What is made in Lithuania
Lithuania is a small country of 3 million people. It’s geographical location and natural resources have contributed to the local skills that help to produce their unique products today. Here are some of them.
Linen bedding, clothes and towels
Prior to the spread of cotton, linen was the only fabric available in this entire region. This knowledge of making noncotton fabrics has been preserved until this day. Now Lithuania is widely recognised for its ability to make high-quality linen clothes, bedding, kitchen accessories and even toys for children. Processed linen plant is probably most commonly known for its natural fibers that retain heat in a colder environment and stay cool in summer. It is also twice as strong as cotton, can absorb up to 20% of its weight in water before feeling damp and has an unusual natural ability to fight the growth of the bacteria.LinenMe.com
It is not necessarily a replacement for cotton, due to its limited elasticity properties which make linen products look wrinkled. But this is accepted as a natural linen charm and is actually expected. Overall it is a great addition to the household, with a positive impact on health especially for babies and people with allergies or sensitive skin conditions.
Being a country covered by forests, Lithuania has a lot of people with woodworking skills which date back for centuries. Amongst them, a skill of making wood furniture is undoubtedly the most popular these days. A lot of small and medium-sized factories either making their own designs or producing for the more famous furniture brands. Even IKEA is tapping into this now by recently opening their largest factory there too. Solid wood furniture is another niche where you can find some interesting and unique surprises. One of the examples could be a small company called “Sendvario Baldai”, which is worth mentioning for two reasons. Firstly, it is making only solid wood furniture which follows the blueprints from the 18th century. Secondly, to keep it as natural as possible all wood is preserved with a natural preservative like a beeswax instead of the usual polish. According to the team at the company, solid and natural furniture is in demand worldwide, but it seems to be especially popular in Germany.
Natural linen and wooden toys
The new generation of parents worldwide seems to be increasingly concerned about a potential contamination and toxicity of their children’s toys. Thus small Lithuanian makers, who have access to natural raw materials, have stepped in to provide linen dolls and other wooden toys. They are very different from what one might usually find in the toy shop and tend to appeal to the families who are embracing things made from natural and organic. Wooden toys are also increasing in popularity because of their novelty factor. It is a very different playing experience for a child and their parents. These toys are on the revival across the world, and the wooden toy making skills have remained only in few European countries. Having a plentiful supply of managed forests also helped Lithuania to become the leader in wooden toy making today.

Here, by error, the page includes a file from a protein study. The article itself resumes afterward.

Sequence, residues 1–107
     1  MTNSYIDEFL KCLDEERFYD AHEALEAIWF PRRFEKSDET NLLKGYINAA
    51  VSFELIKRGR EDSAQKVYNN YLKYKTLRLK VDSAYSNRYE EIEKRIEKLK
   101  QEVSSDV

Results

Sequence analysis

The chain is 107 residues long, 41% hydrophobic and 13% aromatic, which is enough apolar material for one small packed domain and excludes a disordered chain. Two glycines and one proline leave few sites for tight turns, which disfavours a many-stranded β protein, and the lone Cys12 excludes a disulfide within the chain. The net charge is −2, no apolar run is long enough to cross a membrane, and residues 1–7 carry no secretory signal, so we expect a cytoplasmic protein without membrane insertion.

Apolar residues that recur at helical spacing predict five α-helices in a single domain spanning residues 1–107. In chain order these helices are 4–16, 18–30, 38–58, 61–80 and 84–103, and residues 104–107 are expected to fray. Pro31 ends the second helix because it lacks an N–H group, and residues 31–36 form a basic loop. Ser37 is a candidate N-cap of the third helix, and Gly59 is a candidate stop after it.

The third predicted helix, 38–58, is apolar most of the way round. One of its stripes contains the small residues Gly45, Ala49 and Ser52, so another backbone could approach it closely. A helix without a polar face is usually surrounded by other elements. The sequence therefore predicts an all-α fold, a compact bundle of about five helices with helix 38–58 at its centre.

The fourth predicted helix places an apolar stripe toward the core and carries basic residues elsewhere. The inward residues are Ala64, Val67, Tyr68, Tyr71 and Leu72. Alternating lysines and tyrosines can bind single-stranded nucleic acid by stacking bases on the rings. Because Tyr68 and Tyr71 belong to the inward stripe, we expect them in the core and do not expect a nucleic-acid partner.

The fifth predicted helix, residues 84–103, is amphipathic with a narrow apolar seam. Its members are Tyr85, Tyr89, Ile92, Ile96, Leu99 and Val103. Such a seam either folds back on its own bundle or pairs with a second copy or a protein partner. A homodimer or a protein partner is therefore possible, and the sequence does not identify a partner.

Saunas and Hot Tubs
These guys are taking their hot tub and sauna experience to the new level. In Lithuania, just like in all Scandinavian countries, sauna is often a party experience for a group. Of course, it is much more fun outdoors, somewhere by the lake. And interestingly, the small detail of temperature outside is not that important: such sauna is enjoyed all year round. That explains the innovation and variety of options available. It is not just about the standard wooden sauna house, from Lithuania you can also get one on the wheels. That way you can take it to any place you fancy. Another popular export these days is the hot tub. Anyone can get it delivered to their home (anywhere in Europe) with “plug and play” instructions. Uniquely from most of other hot tubs you have seen before these run on a wood-burner, just stuff the logs in and enjoy the experience. No electricity or plumbing is required.
It seems that Lithuanians are utilising their heritage and access to local natural resources to create health conscious products. To be completely honest, it is not something that I expected when I started this research. I hope to find more pleasant and fascinating discoveries on my next guides for other European countries.